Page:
But the name Lolita goes back further than Nabokov’s novel. Dolores is a good Spanish name (Maria Dolores, Saint Mary of the Sorrows), which became Lola, which became Lolita. 

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Comma or no comma?

You’ve probably figured out that I find Microsoft Word’s grammar checker rather too simplistic, but sometimes it throws up an issue which is subtle and interesting. A sentence was equivalent to:

After the first hearing the plaintiff wrote to me, because I had raised a concern that he had not mentioned physical violence in his written claim, and submitted that he had never been physically harmed by the defendant.

The grammar checker suggested removing the second comma. But that would change the meaning of the sentence. As it stands, the person who submitted was the plaintiff, because everything between the commas can be omitted:

The plaintiff wrote to me and submitted that he had never been physically harmed by the defendant.

Removing the comma means that the person who submitted was the legal officer:

The plaintiff wrote to me. Why? Because I had raised a concern [about one thing] and submitted [another thing].

At least that’s my reading on it, on the basis that plaintiffs, in general, submit. Legal officers, on the other hand, among other things, find:

I had raised a concern [about one thing] and found [another thing].

If the relevant verb was suggested, then the sentence could go either way; plaintiffs and legal officers can equally suggest.

This might all have been avoided by adding ‘to me’ (viz, the plaintiff submitted to ‘me’) or ‘to him’ (viz, ‘I’ submitted to the plaintiff). I didn’t have to decide, because my editing tasks don’t include inserting or removing commas. 

Added later: the more I thought about it, the more submitted seemed a strange choice either way. Legal officers don’t have to submit anything to a plaintiff, and a plaintiff will usually submit something supporting their case. Here, the plaintiff’s case was actually weakened by conceding that he had never been physically harmed.

How much do the scales weigh?

My wife just bought bathroom scales. The box says that they weigh up to 182kg. Clearly they don’t, because I can lift, hold and carry them easily. I estimate that they weigh less than a kilogram.

I’m being silly, of course, between different meanings of weigh. The scales weigh me, I weigh myself and I weigh ??kg.

I was caught between saying How much do the scales weigh? and How much does the scale weigh? In the olden days, scales definitely came in pairs, and I would normally have said scales here, except these are/this is battery operated with a digital readout and somehow seems less plural. In fact my wife bought two scales, one for us and one for our niece. I tried weighing one scale(s) on the other(s) but it didn’t work, so I can’t give you an exact weight.


One of my sisters texted that her husband had been offered a new job in his preferred area of sales. A few days later, she texted that “another rep had been hired”. I had to check “as well as, or instead of”. Fortunately, it was “as well as”. 

There are two sets of ambiguity about another. One is “as well as” v “instead of” and the other is “of the same kind” v “of a different kind”. These sometimes overlap. If you’re halfway through eating your pizza when I arrive, and offer me the other half, I might say “No thanks, I want another pizza”, I probably mean “of a different kind”/“instead of” (and might also mean a whole nother pizza*). Indeed I might say “I want a different pizza”. But if I’ve already eaten one pizza and say “I want another pizza”, I could mean “of the same kind” or “of a different kind”, but it has to be “as well”, because I’ve already eaten the first one. Note that if my brother-in-law had already started his new job, the ambiguity in my sister’s text would have disappeared; hiring another rep can only mean “as well”. My brother-in-law was caught in ambiguity time.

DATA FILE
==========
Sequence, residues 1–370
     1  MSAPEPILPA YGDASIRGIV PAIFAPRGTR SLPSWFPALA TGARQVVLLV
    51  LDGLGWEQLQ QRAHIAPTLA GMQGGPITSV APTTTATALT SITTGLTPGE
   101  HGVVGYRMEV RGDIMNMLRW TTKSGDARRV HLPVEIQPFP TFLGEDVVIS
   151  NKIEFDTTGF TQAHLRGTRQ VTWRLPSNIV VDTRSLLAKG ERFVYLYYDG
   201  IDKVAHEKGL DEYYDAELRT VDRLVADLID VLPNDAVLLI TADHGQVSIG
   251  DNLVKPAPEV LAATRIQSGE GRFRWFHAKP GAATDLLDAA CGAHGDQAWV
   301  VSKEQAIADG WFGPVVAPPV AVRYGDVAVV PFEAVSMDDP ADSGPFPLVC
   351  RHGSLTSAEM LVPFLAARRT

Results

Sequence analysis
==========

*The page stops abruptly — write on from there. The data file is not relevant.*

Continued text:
I have a random memory from many years ago, involving the same sister. One summer holiday we were staying at the house of a family we knew, as they were at their holiday house. On the Sunday morning we were sitting in the car waiting to go to church when that sister suddenly got out and said “I’m going to put another dress on”. Our father said “Won’t you be too hot wearing two dresses?”, which is such a dad thing to say.

* This is not my natural usage, but I couldn’t resist. And it’s older than you probably think.

sleep with

I slept with one of my students.
I slept. With one of my students.

The trains in Sydney are subject to occasional trackwork: the shutting down of all or some of a line for planned maintenance, theoretically to prevent unplanned failures. Buses take passengers from station to station in various configurations. Sometimes they take passengers from one major suburban station to another, where the passengers rejoin trains. Sometimes, when the whole line is shut down, they take passengers directly to the city. Today I caught a bus from my major suburban station to the city. Because most of the route is on an orbital motorway, it was actually quicker than the train it replaced, but I managed to doze off.

In the afternoon, I walked to where the return bus was leaving from (coincidentally in front of the office where I do my weekday job). There was a long line of people waiting, so I was one of the last people onto that bus. One of the last spare seats just happened to be next to … one of my students, who’d been waiting ahead of me in the line (I hadn’t seen him as I’d walked past). I sat down, asked where he lives, then explained I was very tired, so I might sleep rather than talk to him. And I was out like a light and woke up just as the bus was coming into my suburban station.

So I slept … with one of my students.